Elderly hit hard by crisis in the North

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July 25, 2006 00:21
2 minute read.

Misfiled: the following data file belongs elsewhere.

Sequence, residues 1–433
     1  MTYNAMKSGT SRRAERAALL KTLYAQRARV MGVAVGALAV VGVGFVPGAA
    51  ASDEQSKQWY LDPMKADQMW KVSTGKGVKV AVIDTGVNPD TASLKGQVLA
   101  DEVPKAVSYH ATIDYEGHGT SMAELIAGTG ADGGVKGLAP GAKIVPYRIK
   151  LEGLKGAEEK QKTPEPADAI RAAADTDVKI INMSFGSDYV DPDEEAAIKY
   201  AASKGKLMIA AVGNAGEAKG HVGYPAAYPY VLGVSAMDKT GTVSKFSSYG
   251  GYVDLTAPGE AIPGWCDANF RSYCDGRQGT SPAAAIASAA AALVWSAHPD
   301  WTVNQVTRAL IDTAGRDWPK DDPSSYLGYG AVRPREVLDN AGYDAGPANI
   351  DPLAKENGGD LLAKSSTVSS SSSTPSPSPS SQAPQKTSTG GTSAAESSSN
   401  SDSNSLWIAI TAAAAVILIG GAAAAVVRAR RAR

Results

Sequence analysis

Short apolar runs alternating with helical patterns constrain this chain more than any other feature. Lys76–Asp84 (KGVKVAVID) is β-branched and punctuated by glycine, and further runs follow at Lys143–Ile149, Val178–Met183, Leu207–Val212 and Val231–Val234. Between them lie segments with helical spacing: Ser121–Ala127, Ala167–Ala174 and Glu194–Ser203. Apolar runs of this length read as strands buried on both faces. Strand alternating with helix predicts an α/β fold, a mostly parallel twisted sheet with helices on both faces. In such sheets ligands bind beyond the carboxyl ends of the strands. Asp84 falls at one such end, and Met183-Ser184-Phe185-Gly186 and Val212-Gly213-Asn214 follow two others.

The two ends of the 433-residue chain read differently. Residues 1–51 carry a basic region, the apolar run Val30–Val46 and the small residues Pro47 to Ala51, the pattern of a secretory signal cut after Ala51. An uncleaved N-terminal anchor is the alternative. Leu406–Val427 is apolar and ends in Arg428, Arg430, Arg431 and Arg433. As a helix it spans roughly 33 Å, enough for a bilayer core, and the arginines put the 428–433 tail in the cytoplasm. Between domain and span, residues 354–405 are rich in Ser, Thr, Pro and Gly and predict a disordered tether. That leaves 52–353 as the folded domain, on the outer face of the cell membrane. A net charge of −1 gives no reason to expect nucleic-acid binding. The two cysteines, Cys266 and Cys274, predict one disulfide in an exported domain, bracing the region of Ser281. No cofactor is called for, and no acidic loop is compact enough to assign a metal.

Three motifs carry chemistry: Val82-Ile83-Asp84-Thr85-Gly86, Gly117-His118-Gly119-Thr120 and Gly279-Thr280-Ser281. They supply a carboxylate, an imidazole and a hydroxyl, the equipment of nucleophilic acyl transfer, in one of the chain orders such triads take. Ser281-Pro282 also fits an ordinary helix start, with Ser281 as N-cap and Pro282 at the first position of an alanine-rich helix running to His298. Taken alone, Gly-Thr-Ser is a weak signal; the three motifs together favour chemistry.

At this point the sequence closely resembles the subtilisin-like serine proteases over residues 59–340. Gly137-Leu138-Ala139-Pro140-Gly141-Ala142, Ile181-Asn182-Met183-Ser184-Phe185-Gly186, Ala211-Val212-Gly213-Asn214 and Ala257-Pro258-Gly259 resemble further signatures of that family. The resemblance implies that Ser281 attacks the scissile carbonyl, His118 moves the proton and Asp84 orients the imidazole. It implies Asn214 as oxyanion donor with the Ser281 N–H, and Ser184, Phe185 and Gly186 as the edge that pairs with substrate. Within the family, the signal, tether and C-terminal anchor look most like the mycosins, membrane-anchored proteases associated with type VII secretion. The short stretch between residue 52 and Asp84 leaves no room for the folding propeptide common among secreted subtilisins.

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Israel's first-ever minister for pensioners' affairs, Rafi Eitan, said Monday that he was planning to transfer NIS 2.5 million of his ministry's budget to help older residents of northern Israel. "The [Gil] Pensioners Party will do everything it can to help the elderly in the North," Eitan said in a statement. "Especially for those who do not have the means to take care of themselves." According to Eitan's representative, NIS 1.25m. will go to pay for short-term "vacations" from the rocket attacks for elderly citizens able to make the journey south and an additional NIS 1.25m. will be used for essential supplies and services for those whose caregivers have not shown up for work. "A short break will allow every elderly person the chance, at least for a few days, to escape and rest from the constant barrage of sirens and Katyusha rockets," said Eitan. Ruth Bar On, director of Israel's largest volunteer organization, Selah-The Israel Crisis Management Center, said that many caregivers who look after elderly residents in the North are not going to work because of the barrages from Lebanon, meaning many elderly are not receiving proper food and medical services. "It is terrible with all the rockets raining down there is no one to go out and care for these people," she said, adding that Selah had already moved some residents from the North to hostels in the center of the country. Levia Shalev Fischer, spokeswoman for the Karmiel municipality, said that her own parents - now in their eighties - lived in the older part of the town. "They have no safe room in their house and would never make it in time to the local public bomb shelter," she said. "They have been taking refuge in a central room in their house but yesterday, after a rocket hit near their home, my mother moved in with my brother, who has a shelter in his home. My father, however, refuses to move. He trusts in God that everything will be okay." Many nonprofit organizations have mobilized volunteers and resources to help address this problem. Among them are Yad Sarah, which is running mobile centers to distribute essential medical supplies, and the American Jewish Joint Distribution Committee's Eshel Association, which has handed out hundreds of emergency packs including food parcels, flashlights and radios to elderly residents. Many of these voluntary organizations joined forces last week under the auspices of the Ministry of Social Affairs to ensure that their work does not overlap. Ishai Shamir, a full-time volunteer at humanitarian aid organization Latet, told The Jerusalem Post that he believes poverty is on the rise in front line communities. "People who were struggling before this war started will be even more harder hit now," said Shamir, who was preparing emergency food packages for those in areas such as Haifa and its bayside suburbs, Acre and Karmiel. He said that when he had delivered such food baskets to those confined to bomb shelters and sealed rooms last week, he had noticed a large increase in poverty. "Things are not looking good," said Shamir, a resident of Haifa who has been working with Latet for the past three years. "Haifa is a changed city. There is no one on the streets. People cannot go to work and the cases of poverty are growing."

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